Author You Should Know: Julie Murphy

I dislike perfect protagonists.  Well, I suppose I should modify by saying that in small, carefully monitored doses, they’re just fine.  But too much yay-I’m-so-smart-and-nice-and-pretty-and-thin-yay! gives me a sort of literary diabetes.

Rest assured that although the topics Julie Murphy addresses in her novels–cancer (Side Effects May Vary) and body acceptance/beauty/fatness (Dumplin), her characters are not perfect.  They are flawed and can even be downright nasty and petty.  And that, combined with sly humor, fully realized secondary characters, and a whole lotta Dolly Parton, is why Julie Murphy should be on your radar.15728577

Do you have teens who are tired of The Fault in Our Stars?  Do they find it unbelievable that teens with terminal illnesses approach things so philosophically (“Some infinities are greater than other infinities) or that when you’re sick and tired of living but don’t want to die, you’re not going to hang out on a swing set?  Don’t get me wrong–I read The Fault in Our Stars at a point in my life when I needed it, and it’s important to a lot of teens–but a lot of them want the down-and-dirty-truth.  The stuff that is so bad that it makes them feel better about whatever is going down in their lives.  Then give them Side Effects May Vary: it’s the story of Alice, who finds out that her cancer is in remission, and that all these people who’ve wronged her (either in reality or in her mind) need to pay.  She’s not above lying, manipulation, playing guys for affection, and more lying.  So, she’s human.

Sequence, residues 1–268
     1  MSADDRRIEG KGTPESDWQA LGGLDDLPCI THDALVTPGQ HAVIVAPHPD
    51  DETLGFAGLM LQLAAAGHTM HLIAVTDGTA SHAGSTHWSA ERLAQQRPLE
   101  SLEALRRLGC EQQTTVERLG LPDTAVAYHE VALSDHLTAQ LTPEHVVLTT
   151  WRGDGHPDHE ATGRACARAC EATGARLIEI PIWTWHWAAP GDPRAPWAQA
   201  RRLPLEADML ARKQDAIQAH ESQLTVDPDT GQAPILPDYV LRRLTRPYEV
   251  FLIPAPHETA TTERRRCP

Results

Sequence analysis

18304322But it’s Dumplin that has my eternal adoration.  The stereotype of the Fat Girl is that she’s either depressed (because she’s fat … ?) or that she’s cheerfully chubby, taking on the world one pound at a time. Willowdean Dickson’s momma is a former pageant queen, her aunt died of heart failure due to her excessive weight, and Willowdean herself is fat.  At the beginning of the book, Will really believes in fat acceptance.  But then life shows up with a husky-voiced boy, and she freaks out.  What will people think?  That she’s a pity-date?  Will ends up pushing away almost everyone who really cares about her.  But at the same time, you can’t help but root for this Dolly-loving, red dress-wearing, small-town Texas girl.

Get ready for life, not as a manic pixie dream girl hipster lover, but as a messy, flawed, perfectly imperfect human being with Julie Murphy’s books.

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